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Ninth Circuit upholds dismissal of 401(k) fee case in White v. Chevron

On November 13, 2018, in an unpublished 3-page opinion, a three-judge panel of the Ninth Circuit Court of Appeals upheld the dismissal of plaintiffs’ claims in the White v. Chevron 401(k) fee litigation. The court sided with defendants on one of the critical issues in current 401(k) fee litigation: whether a plaintiff may state a claim for breach of the ERISA duty of prudence merely by alleging that there was a less expensive, “identical” alternative to the service/fund provider selected by plan fiduciaries. In this article we provide a brief note on the case.


Current 401(k) litigation targeting sponsor fiduciaries is broadly focused on recordkeeping and investment management fees, with plaintiffs alleging that sponsor fiduciaries have breached their ERISA duty of prudence (and, somewhat less commonly, their ERISA duty of loyalty) by, in effect, overpaying for recordkeeping and investment services.

At its broadest (and oversimplifying), the substance of this litigation divides into two main theories: (1) that sponsor fiduciaries should (under ERISA’s prudence standard) be held responsible for getting the “best deal” for participants; or (alternatively) (2) sponsor fiduciaries need only show that they got a “good enough” deal for participants.

The importance of the motion to dismiss

The critical stage in the legal process for this litigation has generally been the motion to dismiss for failure to state a claim. If plaintiffs can survive that stage, they can via discovery (e.g., depositions and interrogatories) “fish” for facts supporting their allegations and impose litigation costs, improving their case and making settlement more likely.

In a typical case, the plaintiff files a complaint alleging that recordkeeping or investment services were available to the plan at a lower price than the plan paid. For instance, in Tussey v. ABB, plaintiffs compared the (higher) recordkeeping fees paid by the ABB plan with the (lower) fees paid by the “comparable” Texa$aver Plan (the employee retirement system for employees of the State of Texas). In Bell v. Anthem, plaintiffs alleged that plan fiduciaries violated ERISA by selecting an S&P 500 index fund with an expense ratio of 4 basis points when the same fund provider offered an S&P 500 index fund with an expense ratio of 2 basis points. The complaint in Troudt v. Oracle (filed at more or less the same time as the complaint in Anthem) involved allegations similar to those in Anthem.

In these cases, the question presented to the courts has been: is the allegation that identical services/fund investments were available at a lower price, without more, sufficient to state a claim for breach of the fiduciary’s duty of prudence under ERISA?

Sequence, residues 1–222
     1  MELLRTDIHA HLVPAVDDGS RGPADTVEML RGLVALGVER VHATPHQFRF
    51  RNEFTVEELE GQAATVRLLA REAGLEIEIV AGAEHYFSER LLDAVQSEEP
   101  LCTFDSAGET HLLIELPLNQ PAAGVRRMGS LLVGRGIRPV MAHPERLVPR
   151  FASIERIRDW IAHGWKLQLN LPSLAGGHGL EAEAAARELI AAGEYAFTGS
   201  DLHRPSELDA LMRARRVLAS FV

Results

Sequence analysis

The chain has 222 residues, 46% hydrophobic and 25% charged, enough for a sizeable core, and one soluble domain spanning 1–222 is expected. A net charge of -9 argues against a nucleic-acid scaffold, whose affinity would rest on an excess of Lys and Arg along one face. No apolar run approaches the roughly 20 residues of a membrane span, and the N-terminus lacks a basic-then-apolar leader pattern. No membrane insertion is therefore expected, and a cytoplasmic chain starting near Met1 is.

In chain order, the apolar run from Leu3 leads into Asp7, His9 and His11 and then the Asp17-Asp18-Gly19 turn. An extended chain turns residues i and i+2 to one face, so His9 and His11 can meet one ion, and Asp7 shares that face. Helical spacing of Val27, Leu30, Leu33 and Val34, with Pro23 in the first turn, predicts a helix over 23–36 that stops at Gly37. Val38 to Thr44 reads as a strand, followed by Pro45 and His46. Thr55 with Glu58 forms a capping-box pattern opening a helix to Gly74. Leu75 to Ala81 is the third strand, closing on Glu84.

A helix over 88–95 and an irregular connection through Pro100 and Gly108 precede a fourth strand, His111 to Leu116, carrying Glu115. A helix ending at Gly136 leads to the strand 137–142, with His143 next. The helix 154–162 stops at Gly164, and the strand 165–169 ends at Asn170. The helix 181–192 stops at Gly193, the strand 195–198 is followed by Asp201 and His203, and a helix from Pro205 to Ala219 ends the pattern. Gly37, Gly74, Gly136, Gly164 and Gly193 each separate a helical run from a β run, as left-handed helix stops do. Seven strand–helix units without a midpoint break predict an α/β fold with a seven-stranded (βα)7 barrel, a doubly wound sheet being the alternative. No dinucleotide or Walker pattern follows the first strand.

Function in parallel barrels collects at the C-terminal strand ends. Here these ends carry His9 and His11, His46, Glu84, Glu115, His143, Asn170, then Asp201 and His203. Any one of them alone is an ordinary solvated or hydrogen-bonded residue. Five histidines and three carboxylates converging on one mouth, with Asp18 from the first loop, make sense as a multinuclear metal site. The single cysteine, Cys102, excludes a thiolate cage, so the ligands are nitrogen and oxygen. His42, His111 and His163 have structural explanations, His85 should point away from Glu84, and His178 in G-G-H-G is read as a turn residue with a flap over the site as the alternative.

(We discuss TusseyAnthem and Oracle in more detail in our article 401(k) fee litigation update.)

Alternative explanations

Sponsors, in response, have pointed out that there may be any number of explanations for why a higher priced service/fund may have been selected. The comparable service may not in fact be “identical,” e.g., there may be important ancillary services provided by the plan’s recordkeeper that are not provided by the comparison recordkeeper. The fund used by the plan may in some non-obvious way be fundamentally different from the “comparable” fund, e.g., the fund the plan uses may not engage in securities lending and the comparison fund does.

Preliminary decisions by the courts

What is the right standard – what sort of allegation can survive a motion to dismiss – is still being litigated in the courts. Some courts have sided with the plaintiffs, allowing these sorts of claims to proceed. Thus, in March of 2017, the United States District Court for the Southern District of Indiana denied defendants’ motion to dismiss in Anthem. The same month, the United State District Court for the District of Colorado took a similar position in Oracle.

The court in White v. Chevron, however, has (consistently) sided with defendants. The Ninth Circuit’s most recent decision, upholding the lower court’s dismissal of plaintiffs’ case, while brief, included a pointed discussion of the critical issue:

Where there are “two possible explanations, only one of which can be true and only one of which results in liability, plaintiff cannot offer allegations that are ‘merely consistent with’ [its] favored explanation but are also consistent with the alternative explanation.” “Something more is needed, such as facts tending to exclude the possibility that the alternative explanation is true, . . . in order to render plaintiffs’ allegations plausible within the meaning of Iqbal and Twombly.” … [A]s to each count, the allegations [by plaintiffs] showed only that Chevron could have … sought lower fees for administration of the fund. None of the allegations made it more plausible than not that any breach of a fiduciary duty had occurred. [Citations omitted.]

That’s about as plain a statement as possible that the mere allegation that there was a cheaper alternative service provider or cheaper fund is not an adequate basis for a 401(k) fee lawsuit.

*     *    *

Unpublished opinions generally may be cited but do not have precedential value. The lower court decision in White v. Chevron, in favor of defendants on these issues and upheld by the Ninth Circuit in this decision, is not subject to those restrictions.

Bottom line: different courts are coming to different conclusions on the same issue in these cases. At some point, these differing approaches will have to be reconciled.

We will continue to follow this issue.

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